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Disease in the Developing World

News Releases

Key: Meeting M      Journal J      Funder F

Showing releases 776-800 out of 1337.

<< < 27 | 28 | 29 | 30 | 31 | 32 | 33 | 34 | 35 | 36 > >>

Public Release: 14-Jan-2016
The Lancet
Zika virus has potential to spread rapidly through Americas
The Zika virus, possibly linked to serious birth defects in Brazil, has the potential to spread within the Americas, including parts of the US, according to an international team of researchers who track the spread of infectious diseases.
Canadian Institutes of Health Research, Wellcome Trust, Bill & Melinda Gates Foundation, RAPIDD/Science & Technology Directorate, US Department of Homeland Security, NIH/Fogarty International Center

Contact: Leslie Shepherd
St. Michael's Hospital

Public Release: 13-Jan-2016
New report: Future pandemics pose massive risks to human lives, global economic security
Infectious disease outbreaks that turn into epidemics or pandemics can kill millions of people and cause trillions of dollars of damage to economic activity, says a new report from the international, independent Commission on a Global Health Risk Framework for the Future.

Contact: News Office
National Academies of Sciences, Engineering, and Medicine

Public Release: 13-Jan-2016
Trauma team members face risk of 'compassion fatigue' and burnout
Trauma team members are at risk of compassion fatigue and burnout syndrome, as supported by the new research by Gina M. Berg, Ph.D., M.B.A., of University of Kansas School of Medicine-Wichita and colleagues. Authors identify some 'stress triggers' contributing to these risks, and make recommendations to help trauma teams cope with secondary traumatic stress, reports a study in the January issue of Journal of Trauma Nursing. The journal is published by Wolters Kluwer.

Contact: Connie Hughes
Wolters Kluwer Health

Public Release: 13-Jan-2016
Nature Communications
Protein patterns -- a new tool for studying sepsis
Researchers from Lund University and the University of Zurich have developed a way to use mass spectrometry to measure hundreds of proteins in a single blood sample. With the help of protein patterns it is then possible to determine the severity of a patient's sepsis (blood poisoning) condition and which organs have been damaged. The method is presented in an article in Nature Communications.

Contact: Cecilia Schubert
Lund University

Public Release: 13-Jan-2016
New England Journal of Medicine
Mosquito net safe to use in inguinal hernia repair
Sterilized mosquito nets can replace costly surgical meshes in the repair of inguinal (groin) hernias without further risk to the patients, according to a new Swedish-Ugandan study. This makes mosquito nets a good alternative for close to 200 million people in low-income countries suffering from untreated groin hernias.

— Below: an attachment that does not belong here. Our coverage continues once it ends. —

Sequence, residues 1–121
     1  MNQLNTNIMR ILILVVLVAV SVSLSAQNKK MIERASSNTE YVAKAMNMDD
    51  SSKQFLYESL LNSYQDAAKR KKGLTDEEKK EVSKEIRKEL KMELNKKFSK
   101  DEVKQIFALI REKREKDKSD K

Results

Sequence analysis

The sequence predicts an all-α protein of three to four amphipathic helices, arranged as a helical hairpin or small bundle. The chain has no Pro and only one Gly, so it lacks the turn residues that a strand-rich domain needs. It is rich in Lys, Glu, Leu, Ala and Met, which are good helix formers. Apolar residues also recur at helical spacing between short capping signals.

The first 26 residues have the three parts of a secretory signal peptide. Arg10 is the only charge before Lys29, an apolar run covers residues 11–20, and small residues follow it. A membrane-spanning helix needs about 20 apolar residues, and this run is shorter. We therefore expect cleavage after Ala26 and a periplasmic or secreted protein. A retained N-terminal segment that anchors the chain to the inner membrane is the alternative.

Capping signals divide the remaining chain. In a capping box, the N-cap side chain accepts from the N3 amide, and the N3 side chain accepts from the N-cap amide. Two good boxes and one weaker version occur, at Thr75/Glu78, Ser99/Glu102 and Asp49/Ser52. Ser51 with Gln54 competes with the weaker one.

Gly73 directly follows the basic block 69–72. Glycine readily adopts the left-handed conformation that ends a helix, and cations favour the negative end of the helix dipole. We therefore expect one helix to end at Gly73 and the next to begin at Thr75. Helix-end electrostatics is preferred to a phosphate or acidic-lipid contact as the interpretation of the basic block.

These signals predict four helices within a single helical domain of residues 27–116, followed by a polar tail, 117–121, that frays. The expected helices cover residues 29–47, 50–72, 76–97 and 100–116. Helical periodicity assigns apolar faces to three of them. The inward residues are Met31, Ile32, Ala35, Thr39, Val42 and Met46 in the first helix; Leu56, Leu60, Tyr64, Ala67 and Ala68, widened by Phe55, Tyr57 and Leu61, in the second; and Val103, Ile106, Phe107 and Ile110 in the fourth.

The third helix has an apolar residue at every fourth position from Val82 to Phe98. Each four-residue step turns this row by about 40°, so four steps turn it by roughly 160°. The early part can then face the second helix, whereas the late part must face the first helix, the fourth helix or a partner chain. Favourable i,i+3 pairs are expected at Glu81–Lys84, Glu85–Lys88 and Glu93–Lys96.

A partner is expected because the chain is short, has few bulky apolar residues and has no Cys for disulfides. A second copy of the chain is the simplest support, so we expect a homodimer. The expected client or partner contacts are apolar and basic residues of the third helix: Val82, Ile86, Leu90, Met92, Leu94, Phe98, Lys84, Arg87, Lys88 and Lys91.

Swedish Society of Medicine, Swedish Research Council, Swedish Rotary, Church of Sweden, Capio Research Foundation, and others

Contact: KI Press Office
Karolinska Institutet

Public Release: 13-Jan-2016
New insights into animal-borne disease outbreaks
To better understand the dynamics of zoonotic diseases, researchers have examined the epidemiology of plague among black-tailed prairie dogs. Their work points to biases that may threaten efforts to better characterize the vectors and transmission of diseases such as Ebola, Middle East respiratory syndrome, and others.
Short Grass Steppe Long Term Ecological Research Grants, Ecology of Infectious Diseases Programs

Contact: James Verdier
American Institute of Biological Sciences

Public Release: 12-Jan-2016
Experts call for more tailored liver cancer care in developing countries
International liver cancer guidelines could be preventing patients from getting life-saving treatments in developing countries, according to a new study published in the journal Heliyon. The authors of the research are calling for treatment guidelines that are more tailored to developing countries, to help save lives.

Contact: Mary Beth O'Leary

Public Release: 11-Jan-2016
The Lancet
The Institut Pasteur in French Guiana publishes the first complete genome sequence of the Zika virus
Having confirmed the first cases of infection in Suriname then in French Guiana, the Institut Pasteur in French Guiana has sequenced the complete genome of the Zika virus, which is responsible for an unprecedented epidemic currently sweeping through the tropical regions of the Americas. Published in The Lancet medical journal, the analysis of this sequence shows almost complete homology with the strains responsible for the epidemic that occurred in the Pacific in 2013 and 2014.

Contact: Myriam Rebeyrotte
Institut Pasteur

Public Release: 11-Jan-2016
Decades-long quest to beat river blindness edges towards vaccine
The world's first vaccine for a disease that causes misery for millions in Africa could be tested within five years.

Contact: Andrew Moffat
University of Edinburgh

Public Release: 8-Jan-2016
Scientific Reports
ASU scientists discover how blue and green clays kill bacteria
ASU scientists have discovered the two key ingredients that give some natural clays the power to kill even antibiotic-resistant microbes.
National Science Foundation

Contact: Robert Burnham
Arizona State University

Public Release: 8-Jan-2016
Dr. W. Ian Lipkin receives China's top science honor
W. Ian Lipkin, MD, director of the Center for Infection and Immunity at Columbia University's Mailman School of Public Health, received China's top science honor for foreign scientists, the International Science and Technology Cooperation Award at a ceremony on Jan. 8, 2016 presided by China President Xi Jinping. The award recognizes Dr. Lipkin's outstanding contributions to scientific and technological innovation and for promoting scientific advancement in China.

Contact: Stephanie Berger
Columbia University's Mailman School of Public Health

Public Release: 8-Jan-2016
The Journal of Pediatrics
Ebola medical team develops guidelines for treating infected children
When the Ebola virus outbreak erupted in West Africa in 2014, children infected with the virus -- particularly those under age 5 -- faced a high risk of death. Researchers involved in their treatment have since developed a set of guidelines aimed at improving how they're treated. They suggest an aggressive approach that includes giving children fluids intravenously; treating other possible infections; feeding them highly fortified food; and increasing the amount of bedside care they receive.

Contact: Judy Martin Finch
Washington University School of Medicine

Public Release: 7-Jan-2016
UC San Diego Skaggs School of Pharmacy and Janssen R&D collaborate to treat Chagas disease